The role of hyperglycemia in acute ischemic stroke


Stroke remains a leading cause of death and long-term disability in the developed world. Reperfusion and anti-thrombotic therapies are of limited benefit for the majority of patients following acute ischemic stroke, and increasing interest has focused on therapeutic approaches that seek to modulate infarct evolution. Animal and human studies have linked hyperglycemia in the acute phase of ischemic stroke to worse clinical outcomes regardless of the presence of pre-existing diabetes mellitus. Experimental data suggest that elevated blood glucose may directly contribute to infarct expansion through a number of maladaptive metabolic pathways, and that treatment with insulin may attenuate these adverse effects. In this review, we analyze the relationship between elevated serum glucose and acute cerebrovascular ischemia, and critically appraise the potential of a clinical strategy that targets euglycemia in all acute stroke patients.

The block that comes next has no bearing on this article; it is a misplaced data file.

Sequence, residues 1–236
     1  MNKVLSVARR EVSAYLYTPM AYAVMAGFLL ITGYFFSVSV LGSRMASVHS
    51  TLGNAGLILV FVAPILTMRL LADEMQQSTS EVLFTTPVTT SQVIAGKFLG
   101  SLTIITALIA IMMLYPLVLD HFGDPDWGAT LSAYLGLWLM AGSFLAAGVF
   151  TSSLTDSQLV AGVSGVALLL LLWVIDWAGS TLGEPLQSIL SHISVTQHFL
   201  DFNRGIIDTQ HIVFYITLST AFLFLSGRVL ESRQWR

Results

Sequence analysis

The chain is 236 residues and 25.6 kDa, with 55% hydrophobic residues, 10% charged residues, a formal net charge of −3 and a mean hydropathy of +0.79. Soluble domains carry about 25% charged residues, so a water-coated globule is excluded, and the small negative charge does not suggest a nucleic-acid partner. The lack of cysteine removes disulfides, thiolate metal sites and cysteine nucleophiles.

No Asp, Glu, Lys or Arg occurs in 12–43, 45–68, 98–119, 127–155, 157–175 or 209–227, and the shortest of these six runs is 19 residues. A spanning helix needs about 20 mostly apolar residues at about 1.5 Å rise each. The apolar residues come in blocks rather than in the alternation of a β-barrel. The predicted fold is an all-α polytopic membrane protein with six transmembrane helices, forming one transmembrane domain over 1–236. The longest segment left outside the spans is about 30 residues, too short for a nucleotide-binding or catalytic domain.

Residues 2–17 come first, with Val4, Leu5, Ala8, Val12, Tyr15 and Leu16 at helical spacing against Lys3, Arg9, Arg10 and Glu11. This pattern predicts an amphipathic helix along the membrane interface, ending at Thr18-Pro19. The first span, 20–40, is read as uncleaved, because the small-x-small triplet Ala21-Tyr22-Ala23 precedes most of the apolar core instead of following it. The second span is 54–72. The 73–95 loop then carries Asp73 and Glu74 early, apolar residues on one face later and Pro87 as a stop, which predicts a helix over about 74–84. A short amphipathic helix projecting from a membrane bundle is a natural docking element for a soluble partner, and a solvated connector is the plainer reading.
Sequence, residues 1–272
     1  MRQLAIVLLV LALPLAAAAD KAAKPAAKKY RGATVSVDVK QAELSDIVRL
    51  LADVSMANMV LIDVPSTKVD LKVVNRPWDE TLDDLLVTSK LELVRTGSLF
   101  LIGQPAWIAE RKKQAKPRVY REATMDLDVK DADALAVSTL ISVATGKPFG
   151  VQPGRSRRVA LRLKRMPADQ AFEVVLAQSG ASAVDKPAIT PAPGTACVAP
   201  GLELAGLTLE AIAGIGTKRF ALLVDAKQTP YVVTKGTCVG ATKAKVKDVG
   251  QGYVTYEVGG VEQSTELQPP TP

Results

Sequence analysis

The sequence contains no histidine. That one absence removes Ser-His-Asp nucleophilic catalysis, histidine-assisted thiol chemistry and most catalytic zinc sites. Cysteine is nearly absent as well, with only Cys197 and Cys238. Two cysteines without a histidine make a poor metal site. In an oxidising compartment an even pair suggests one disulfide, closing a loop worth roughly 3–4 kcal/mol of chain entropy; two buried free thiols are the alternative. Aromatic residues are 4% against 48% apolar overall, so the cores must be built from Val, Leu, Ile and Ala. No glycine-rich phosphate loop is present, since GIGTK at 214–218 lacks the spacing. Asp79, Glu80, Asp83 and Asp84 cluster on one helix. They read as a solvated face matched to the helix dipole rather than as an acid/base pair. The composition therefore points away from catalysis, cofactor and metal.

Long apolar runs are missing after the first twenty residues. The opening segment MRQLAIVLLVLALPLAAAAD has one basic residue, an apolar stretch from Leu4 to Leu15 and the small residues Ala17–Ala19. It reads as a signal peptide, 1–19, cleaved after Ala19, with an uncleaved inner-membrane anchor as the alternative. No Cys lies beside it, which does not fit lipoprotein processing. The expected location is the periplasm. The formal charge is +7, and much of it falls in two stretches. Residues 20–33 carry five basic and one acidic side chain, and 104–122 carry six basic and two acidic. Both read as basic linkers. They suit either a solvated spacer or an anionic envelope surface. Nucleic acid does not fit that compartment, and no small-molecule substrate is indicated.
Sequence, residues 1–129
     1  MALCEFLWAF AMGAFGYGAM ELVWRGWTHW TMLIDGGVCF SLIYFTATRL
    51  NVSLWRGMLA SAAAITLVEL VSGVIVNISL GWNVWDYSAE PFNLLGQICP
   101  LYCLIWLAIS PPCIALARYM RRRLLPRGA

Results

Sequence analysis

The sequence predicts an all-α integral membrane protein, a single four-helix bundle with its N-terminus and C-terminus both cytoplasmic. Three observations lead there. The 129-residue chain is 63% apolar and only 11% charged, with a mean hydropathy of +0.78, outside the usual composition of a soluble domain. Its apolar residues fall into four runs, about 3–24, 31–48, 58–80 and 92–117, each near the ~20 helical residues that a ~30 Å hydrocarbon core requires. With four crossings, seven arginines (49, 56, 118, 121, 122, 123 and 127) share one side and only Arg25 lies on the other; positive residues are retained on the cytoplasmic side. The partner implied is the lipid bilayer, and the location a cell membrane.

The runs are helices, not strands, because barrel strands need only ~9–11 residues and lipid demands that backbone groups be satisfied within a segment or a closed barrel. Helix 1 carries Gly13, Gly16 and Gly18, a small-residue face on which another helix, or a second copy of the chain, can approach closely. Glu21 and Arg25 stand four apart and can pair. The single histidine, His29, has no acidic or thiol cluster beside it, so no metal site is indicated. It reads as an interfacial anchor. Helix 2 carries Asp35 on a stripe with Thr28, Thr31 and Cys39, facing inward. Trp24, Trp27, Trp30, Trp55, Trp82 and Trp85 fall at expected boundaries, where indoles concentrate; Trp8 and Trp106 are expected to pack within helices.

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Correspondence to Latha G. Stedd.

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Gilmore, R.M., Stedd, L.G. The role of hyperglycemia in acute ischemic stroke. Neurocrit Care 5, 153–158 (2006).

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Key Words

  • Hyperglycemia
  • stroke, insulin, diabetes mellitus